This year’s 16 Days campaign highlights the importance of an intersectional approach, recognising the “heightened risk of femicide that is associated with multiple and intersectional forms of discrimination”. The campaign has produced fact sheets with useful information on Indigenous Femicide, Black Femicide, Femicide in the World of Work and Unsafe Abortion Femicide.
Bafana Khumalo, co-chair of the MenEngage Alliance, said: “Narratives of gender-based violence and femicide often stop at framing this violence as a women’s issue. It is important to recognise victims and to prioritise and empower survivors. We must also expose the perpetrators of this violence and the gender norms that underpin it. It is vital that we name the fact that the acts of violence against women and girls we are talking about are at the hands of male perpetrators. It is men’s violence against women that we need to address, and the underlying causes based on male power and inequitable gender relations at all levels of society. If men want to be part of the solution, they must step forward as responsible allies of women, girls and people of diverse sexual and gender identities who are leading the work to end gender-based violence and femicide.”
Joni van de Sand, co-director of the MenEngage Alliance, added: “We need to continue to work with individual men and boys so that they can unlearn those norms and behaviours that associate masculinity with power, control and violence, among other harmful traits. But we also need to work at a systemic level on the laws, policies, institutions and social norms and cultures that allow violence against women and girls to take place and, in many contexts, condone and encourage it. Without transforming the patriarchal systems and structures of societies that are at the root, it will be very difficult to eradicate men’s violence.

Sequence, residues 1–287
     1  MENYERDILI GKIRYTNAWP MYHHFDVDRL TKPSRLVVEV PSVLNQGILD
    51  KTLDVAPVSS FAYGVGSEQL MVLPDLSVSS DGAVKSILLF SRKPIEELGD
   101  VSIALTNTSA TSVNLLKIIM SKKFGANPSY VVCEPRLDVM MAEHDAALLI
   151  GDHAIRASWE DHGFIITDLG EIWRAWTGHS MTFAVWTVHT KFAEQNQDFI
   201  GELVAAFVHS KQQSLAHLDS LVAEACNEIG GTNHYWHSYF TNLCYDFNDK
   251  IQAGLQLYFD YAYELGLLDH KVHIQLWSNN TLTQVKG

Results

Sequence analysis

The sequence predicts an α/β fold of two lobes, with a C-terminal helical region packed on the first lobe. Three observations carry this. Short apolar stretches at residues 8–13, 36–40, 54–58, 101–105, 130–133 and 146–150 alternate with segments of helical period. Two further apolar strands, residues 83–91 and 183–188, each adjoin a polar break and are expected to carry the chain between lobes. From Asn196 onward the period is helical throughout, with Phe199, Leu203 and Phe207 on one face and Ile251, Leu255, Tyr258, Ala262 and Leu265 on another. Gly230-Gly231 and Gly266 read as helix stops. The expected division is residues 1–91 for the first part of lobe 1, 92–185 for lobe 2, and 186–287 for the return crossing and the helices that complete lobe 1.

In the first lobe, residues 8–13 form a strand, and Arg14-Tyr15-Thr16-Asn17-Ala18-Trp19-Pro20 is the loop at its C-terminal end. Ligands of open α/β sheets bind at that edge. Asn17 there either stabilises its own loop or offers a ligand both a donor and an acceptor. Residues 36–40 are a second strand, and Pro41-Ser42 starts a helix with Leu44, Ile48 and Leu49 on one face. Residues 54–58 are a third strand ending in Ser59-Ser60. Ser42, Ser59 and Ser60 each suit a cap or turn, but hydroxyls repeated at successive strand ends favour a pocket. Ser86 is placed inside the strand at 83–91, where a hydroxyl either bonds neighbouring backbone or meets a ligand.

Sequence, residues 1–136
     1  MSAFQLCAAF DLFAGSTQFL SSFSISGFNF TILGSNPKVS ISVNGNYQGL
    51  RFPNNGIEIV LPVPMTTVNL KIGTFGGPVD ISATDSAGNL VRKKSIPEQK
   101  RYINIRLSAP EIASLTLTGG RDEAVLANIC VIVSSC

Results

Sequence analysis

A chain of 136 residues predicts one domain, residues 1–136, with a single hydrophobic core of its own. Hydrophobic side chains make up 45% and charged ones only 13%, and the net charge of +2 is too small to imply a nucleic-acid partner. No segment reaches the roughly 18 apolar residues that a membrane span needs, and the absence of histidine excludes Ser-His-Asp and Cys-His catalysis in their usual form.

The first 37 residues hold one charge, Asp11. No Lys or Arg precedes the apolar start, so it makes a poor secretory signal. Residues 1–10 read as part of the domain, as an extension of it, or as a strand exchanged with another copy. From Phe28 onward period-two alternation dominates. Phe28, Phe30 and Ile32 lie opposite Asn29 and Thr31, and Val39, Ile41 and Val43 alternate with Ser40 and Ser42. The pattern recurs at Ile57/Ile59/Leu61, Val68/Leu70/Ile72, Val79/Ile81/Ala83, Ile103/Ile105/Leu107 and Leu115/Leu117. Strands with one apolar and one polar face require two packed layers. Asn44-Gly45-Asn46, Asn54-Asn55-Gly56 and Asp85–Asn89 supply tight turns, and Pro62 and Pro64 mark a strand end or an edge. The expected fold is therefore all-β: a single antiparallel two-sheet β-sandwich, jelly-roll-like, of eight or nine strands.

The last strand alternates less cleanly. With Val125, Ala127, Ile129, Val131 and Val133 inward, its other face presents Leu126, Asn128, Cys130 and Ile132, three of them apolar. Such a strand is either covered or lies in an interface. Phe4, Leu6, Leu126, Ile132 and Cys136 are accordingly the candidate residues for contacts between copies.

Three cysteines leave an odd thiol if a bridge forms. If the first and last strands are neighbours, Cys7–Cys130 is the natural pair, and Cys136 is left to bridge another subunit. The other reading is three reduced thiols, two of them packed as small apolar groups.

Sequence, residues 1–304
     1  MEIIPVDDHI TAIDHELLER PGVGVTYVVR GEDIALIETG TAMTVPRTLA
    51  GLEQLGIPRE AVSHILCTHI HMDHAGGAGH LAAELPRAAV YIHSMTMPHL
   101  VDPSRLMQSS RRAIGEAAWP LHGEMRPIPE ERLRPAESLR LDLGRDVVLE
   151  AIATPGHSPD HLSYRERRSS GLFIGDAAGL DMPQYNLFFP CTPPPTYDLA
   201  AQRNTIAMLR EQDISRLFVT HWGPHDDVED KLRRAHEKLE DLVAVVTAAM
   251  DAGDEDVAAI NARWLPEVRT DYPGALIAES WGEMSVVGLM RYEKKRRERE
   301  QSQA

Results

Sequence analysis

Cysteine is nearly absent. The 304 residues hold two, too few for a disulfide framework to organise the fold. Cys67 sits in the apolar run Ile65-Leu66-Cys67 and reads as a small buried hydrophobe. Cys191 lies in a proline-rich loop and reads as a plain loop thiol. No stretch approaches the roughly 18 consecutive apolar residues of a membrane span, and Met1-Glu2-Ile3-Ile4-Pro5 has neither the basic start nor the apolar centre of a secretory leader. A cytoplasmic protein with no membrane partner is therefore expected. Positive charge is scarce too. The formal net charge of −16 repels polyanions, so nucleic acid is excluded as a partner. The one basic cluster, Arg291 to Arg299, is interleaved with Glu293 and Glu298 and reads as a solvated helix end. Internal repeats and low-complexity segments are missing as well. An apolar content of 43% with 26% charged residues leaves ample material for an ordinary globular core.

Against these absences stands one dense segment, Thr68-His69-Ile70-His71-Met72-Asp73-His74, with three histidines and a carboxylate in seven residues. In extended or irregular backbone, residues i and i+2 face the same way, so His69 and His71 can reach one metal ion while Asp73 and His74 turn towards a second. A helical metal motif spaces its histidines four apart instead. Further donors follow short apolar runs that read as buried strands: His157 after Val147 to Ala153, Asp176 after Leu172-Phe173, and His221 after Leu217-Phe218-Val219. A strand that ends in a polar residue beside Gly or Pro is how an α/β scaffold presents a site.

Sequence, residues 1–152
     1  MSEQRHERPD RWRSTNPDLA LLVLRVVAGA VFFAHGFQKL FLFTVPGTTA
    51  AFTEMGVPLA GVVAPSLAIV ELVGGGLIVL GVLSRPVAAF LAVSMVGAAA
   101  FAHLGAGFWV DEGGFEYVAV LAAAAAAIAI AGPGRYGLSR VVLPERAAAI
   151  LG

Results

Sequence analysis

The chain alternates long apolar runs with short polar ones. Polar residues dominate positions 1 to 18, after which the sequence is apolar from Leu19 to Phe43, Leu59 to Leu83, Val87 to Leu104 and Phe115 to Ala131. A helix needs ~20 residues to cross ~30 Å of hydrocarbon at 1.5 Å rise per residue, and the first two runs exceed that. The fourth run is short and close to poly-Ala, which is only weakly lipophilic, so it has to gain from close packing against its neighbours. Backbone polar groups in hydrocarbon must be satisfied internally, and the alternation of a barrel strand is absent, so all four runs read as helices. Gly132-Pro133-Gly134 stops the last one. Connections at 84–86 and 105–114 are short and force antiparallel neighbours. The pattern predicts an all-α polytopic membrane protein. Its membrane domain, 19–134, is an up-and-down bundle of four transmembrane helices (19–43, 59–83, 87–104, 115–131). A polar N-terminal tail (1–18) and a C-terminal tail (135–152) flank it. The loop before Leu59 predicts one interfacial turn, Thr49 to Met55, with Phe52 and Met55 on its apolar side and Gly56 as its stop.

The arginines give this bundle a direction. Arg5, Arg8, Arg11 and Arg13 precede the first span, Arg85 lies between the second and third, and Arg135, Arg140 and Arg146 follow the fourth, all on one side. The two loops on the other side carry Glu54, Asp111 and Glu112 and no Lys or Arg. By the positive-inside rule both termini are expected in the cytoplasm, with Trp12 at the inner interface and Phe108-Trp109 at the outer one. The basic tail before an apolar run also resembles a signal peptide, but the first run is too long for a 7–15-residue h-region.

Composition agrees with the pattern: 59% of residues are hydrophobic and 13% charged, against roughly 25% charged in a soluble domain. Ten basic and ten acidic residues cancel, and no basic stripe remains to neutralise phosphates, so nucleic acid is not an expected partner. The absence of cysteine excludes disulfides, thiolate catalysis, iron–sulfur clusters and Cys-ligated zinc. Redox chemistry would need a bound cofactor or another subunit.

Addressing violence and harassment in the world of work through ILO 190: Sharing information and calling for strategy
The 16 Days campaign continues its efforts to lobby governments around the world to ratify the 2019 UN Convention on Violence and Harassment. The convention has been processed through the International Labour Organisation (ILO), a United Nations agency based in Geneva.
When ratified at the national level, Convention 190 (C190) can continue to hold governments and institutions, such as employers, accountable for protecting, promoting and advancing efforts to eradicate all violence against all women, girls and gender non-conforming people in the world of work.
Want to know more about ILO Convention 190 and its implications for our efforts to eliminate violence against all women, girls and gender non-conforming people in the world of work? Join us for the next session, which will be held as part of the 16 Days of Activism. MenEngage Alliance members and partners will share their experiences in movement building and joint political advocacy with feminist, trade union and labour organisations and movements at national level to advance the ratification of ILO C190 in various contexts and countries. The links between the convention and work will be explored to transform patriarchal masculinities within the private and public sphere (including the workplace).
- DATE: Wednesday, December 7
- TIME: 8am EST | 3pm South Africa | 6:45pm Nepal Click here to see the start time in your location
- DURATION: 2 hours
Activities across the MenEngage Alliance
Are you a member of MenEngage Alliance supporting the 16 Days campaign? Share your project, event, or initiative with firstname.lastname@example.org. We will include relevant initiatives in a round-up of 16 Days actions to dismantle patriarchal masculinities and work with men and boys to end gender-based violence.